Woods Theatre

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Woods Theatre
Randolph and Dearborn 1922.jpg
Woods Theatre in 1922
Address54 West Randolph Street
United States
Coordinates41°53′05″N 87°37′48″W / 41.8848°N 87.6299°W / 41.8848; -87.6299
OwnerThe Shubert Organization
Current useGoodman Theatre Center
OpenedMarch 28, 1918 (1918-03-28)
ClosedJanuary 8, 1989
ArchitectMarshall and Fox

The Woods Theatre was a movie palace located at the corner of Randolph and Dearborn Streets in the Chicago Loop. It opened in 1918 and was popular entertainment destination for decades. Originally a venue for live theater, it later converted to show movies. It closed in 1989 and was demolished in 1990.


Live theater[edit]

The Woods Theatre was built by theatrical producer Albert H. Woods. He had opened the Eltinge Theatre in New York City to host his Broadway productions, and wanted a similar venue in Chicago for his road companies. The Woods opened on March 11, 1918, with a production of Friendly Enemies. It was designed in a Neo-Gothic style by the firm Marshall and Fox, which also designed such still-extant Chicago structures as the Blackstone Theatre (later renamed the Merle Reskin Theatre) and the Drake Hotel. The ten-story building included the theater at the ground level and offices above.[1]

Movie theater[edit]

The Woods converted to show movies in 1932. It later became the flagship venue for Essaness Theatres, which moved its headquarters into the building. Starting in the 1950s, the building featured an unusually large marquee facing Dearborn Street.[1] The facade and its marquee can be seen in the parade scene of the 1986 film Ferris Bueller's Day Off.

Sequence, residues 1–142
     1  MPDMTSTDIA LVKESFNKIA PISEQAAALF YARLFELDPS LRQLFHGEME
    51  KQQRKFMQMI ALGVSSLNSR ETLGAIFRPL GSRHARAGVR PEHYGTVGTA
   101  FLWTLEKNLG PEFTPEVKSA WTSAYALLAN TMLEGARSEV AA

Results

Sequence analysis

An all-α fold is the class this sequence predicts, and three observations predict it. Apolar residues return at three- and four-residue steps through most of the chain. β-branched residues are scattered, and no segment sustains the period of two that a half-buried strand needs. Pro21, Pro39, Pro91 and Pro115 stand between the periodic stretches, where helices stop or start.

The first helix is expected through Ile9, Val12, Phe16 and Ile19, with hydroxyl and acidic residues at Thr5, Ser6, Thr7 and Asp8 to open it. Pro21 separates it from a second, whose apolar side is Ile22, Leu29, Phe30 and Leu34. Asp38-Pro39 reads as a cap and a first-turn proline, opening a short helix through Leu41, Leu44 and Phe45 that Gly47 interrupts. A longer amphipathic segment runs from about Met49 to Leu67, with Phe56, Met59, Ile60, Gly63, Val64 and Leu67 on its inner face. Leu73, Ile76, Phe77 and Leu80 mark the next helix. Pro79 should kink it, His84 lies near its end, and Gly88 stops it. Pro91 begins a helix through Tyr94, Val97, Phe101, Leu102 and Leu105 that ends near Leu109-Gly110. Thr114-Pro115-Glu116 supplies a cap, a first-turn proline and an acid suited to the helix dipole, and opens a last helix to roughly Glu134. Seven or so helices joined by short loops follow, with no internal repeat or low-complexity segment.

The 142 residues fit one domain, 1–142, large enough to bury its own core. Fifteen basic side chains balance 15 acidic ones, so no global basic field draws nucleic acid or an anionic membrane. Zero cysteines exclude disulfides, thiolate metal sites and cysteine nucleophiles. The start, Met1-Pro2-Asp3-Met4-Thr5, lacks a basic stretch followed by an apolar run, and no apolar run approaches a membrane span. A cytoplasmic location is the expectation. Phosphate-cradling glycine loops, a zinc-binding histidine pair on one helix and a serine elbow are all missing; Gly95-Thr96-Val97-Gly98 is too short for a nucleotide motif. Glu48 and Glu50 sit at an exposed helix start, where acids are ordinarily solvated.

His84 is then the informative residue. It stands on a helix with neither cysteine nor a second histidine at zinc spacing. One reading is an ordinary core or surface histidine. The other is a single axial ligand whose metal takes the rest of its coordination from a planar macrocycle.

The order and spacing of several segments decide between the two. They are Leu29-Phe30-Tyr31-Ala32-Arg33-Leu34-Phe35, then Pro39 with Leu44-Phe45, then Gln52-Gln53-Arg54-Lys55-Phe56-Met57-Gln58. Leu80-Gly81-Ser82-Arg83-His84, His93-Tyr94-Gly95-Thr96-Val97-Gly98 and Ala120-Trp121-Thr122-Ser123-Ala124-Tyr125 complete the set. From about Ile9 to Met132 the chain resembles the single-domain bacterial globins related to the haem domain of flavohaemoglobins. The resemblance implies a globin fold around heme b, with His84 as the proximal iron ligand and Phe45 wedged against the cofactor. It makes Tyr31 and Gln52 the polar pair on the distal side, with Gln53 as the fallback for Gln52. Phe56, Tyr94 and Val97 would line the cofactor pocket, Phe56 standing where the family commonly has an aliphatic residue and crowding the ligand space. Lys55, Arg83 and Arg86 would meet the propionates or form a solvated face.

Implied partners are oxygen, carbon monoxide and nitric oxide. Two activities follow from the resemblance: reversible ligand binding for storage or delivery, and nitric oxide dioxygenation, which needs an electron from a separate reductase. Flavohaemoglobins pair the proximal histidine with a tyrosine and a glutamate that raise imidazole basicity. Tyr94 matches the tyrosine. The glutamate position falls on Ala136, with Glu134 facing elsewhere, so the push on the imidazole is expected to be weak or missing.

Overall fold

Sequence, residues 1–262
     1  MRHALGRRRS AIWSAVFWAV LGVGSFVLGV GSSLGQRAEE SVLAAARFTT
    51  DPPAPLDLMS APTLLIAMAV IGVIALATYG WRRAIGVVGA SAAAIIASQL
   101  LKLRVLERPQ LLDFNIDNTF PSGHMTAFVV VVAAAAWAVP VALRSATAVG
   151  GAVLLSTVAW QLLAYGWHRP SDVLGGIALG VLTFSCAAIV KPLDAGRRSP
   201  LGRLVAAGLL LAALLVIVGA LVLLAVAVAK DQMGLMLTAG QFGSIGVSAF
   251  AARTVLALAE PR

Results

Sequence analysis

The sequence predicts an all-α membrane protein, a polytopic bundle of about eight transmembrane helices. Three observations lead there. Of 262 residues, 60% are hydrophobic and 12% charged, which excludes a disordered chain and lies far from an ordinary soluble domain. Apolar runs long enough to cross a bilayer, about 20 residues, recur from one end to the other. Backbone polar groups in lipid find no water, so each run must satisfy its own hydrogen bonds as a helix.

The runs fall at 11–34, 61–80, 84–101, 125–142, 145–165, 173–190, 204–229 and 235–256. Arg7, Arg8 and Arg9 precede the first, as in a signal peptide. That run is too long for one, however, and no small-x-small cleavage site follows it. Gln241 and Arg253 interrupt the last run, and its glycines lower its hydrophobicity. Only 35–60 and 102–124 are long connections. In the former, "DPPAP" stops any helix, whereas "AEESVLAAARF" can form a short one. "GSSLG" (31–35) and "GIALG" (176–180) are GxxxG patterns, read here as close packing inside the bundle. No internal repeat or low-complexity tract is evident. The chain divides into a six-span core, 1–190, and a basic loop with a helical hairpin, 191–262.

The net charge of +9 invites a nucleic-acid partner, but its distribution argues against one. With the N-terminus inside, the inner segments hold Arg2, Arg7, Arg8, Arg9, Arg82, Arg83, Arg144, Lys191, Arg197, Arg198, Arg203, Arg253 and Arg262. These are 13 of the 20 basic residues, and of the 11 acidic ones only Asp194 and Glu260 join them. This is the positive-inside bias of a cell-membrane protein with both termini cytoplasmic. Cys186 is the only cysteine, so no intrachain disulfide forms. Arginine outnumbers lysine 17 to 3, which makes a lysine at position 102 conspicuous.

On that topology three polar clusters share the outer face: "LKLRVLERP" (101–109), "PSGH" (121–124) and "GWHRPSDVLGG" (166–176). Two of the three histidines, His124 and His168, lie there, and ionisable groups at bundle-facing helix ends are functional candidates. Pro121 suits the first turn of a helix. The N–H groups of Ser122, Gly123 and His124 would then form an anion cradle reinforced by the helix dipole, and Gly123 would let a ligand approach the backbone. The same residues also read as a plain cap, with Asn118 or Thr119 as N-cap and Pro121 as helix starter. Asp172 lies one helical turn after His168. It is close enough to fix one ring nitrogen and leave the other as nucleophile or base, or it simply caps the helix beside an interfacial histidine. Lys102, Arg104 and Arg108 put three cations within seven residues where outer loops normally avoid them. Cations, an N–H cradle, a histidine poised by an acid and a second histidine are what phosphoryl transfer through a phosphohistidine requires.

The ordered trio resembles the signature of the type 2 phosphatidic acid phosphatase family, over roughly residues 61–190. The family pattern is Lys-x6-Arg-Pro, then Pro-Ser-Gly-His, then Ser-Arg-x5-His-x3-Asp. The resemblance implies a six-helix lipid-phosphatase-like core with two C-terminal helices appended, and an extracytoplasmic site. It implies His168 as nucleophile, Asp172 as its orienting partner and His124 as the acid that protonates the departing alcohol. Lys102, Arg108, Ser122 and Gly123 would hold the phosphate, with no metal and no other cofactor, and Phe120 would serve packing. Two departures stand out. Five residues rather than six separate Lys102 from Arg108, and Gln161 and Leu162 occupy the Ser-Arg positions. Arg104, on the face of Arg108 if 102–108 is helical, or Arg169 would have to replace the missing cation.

Woods Theatre in 1970

In its later years the quality of the venue declined. In 1982, the management had to pay for medical treatments when a patron was bitten by a rat during a show.[2] By 1988, the Woods had become the last of the Chicago Loop movie houses. It closed on January 8, 1989, after a screening of Hellbound: Hellraiser II.[3]


After being considered for entry in the National Register of Historic Places, it was demolished in 1990. The demolition was part of a controversial urban renewal project. Beginning with the demolition of the Garrick Theatre on Randolph, many of Chicago's classic theaters were demolished either because of disuse or disrepair. The Woods was located on the parcel directly northwest of the controversial Block 37, which once housed the Roosevelt and United Artists theaters. The site of the Harris and Selwyn (later Cinestage and Michael Todd, then Dearborn Cinemas) is now occupied by the Goodman Theatre Center.[4][5] Block 37, which remained vacant until 2005, is southeast of the Goodman site.


Movies that held their premieres at the Woods Theatre included:


  1. ^ a b Schiecke, Konrad (February 28, 2011). Historic Movie Theatres in Illinois, 1883-1960. Jefferson, North Carolina: McFarland & Company. p. 189. ISBN 978-1476610702.
  2. ^ "Movie horror too real". Pacific Stars and Stripes. United Press International. February 26, 1982. p. 7.
  3. ^ Schultz, Susy (January 9, 1989). "The Woods, last movie theater in Loop, goes dark". Chicago Sun-Times. Retrieved April 28, 2014 – via HighBeam Research. (Subscription required (help)).
  4. ^ "Cinestage Theater". Cinema Treasures. Retrieved December 3, 2017.
  5. ^ "Michael Todd Theater". Cinema Treasures. Retrieved December 3, 2017.
  6. ^ McCarthy, Todd (December 1, 2007). Howard Hawks: The Grey Fox of Hollywood. New York: Open Road, Grove/Atlantic. p. 491. ISBN 978-0802196408.
  7. ^ "'Moon Is Blue,' Here June 22, Filmed in 2 Languages". Chicago Sunday Tribune. Part 7, p. 2. June 14, 1953.
  8. ^ Guernsey, Otis L., Jr. (June 28, 1953). "Chicago Seeing Controversial 'Moon Is Blue'". Section 5. Toledo Blade. Herald Tribune News Service. p. 4.
  9. ^ Century, Douglas (August 11, 2009) [2006]. Barney Ross: The Life of a Jewish Fighter. Jewish Encounters series (paperback ed.). New York: Knopf Doubleday. p. 146. ISBN 978-0-8052-1173-3. (Subscription required (help)).
  10. ^ "Monkey on My Back (1957)". TCM.com. Retrieved April 28, 2014.
  11. ^ "At the movies". Chicago Tribune. Section 6, p. 15. April 21, 1974. "...opening Friday at the Woods Theater."
  12. ^ "Movie previews". Chicago Tribune: 21. April 27, 1974. ...having its world premiere at the Woods.

External links[edit]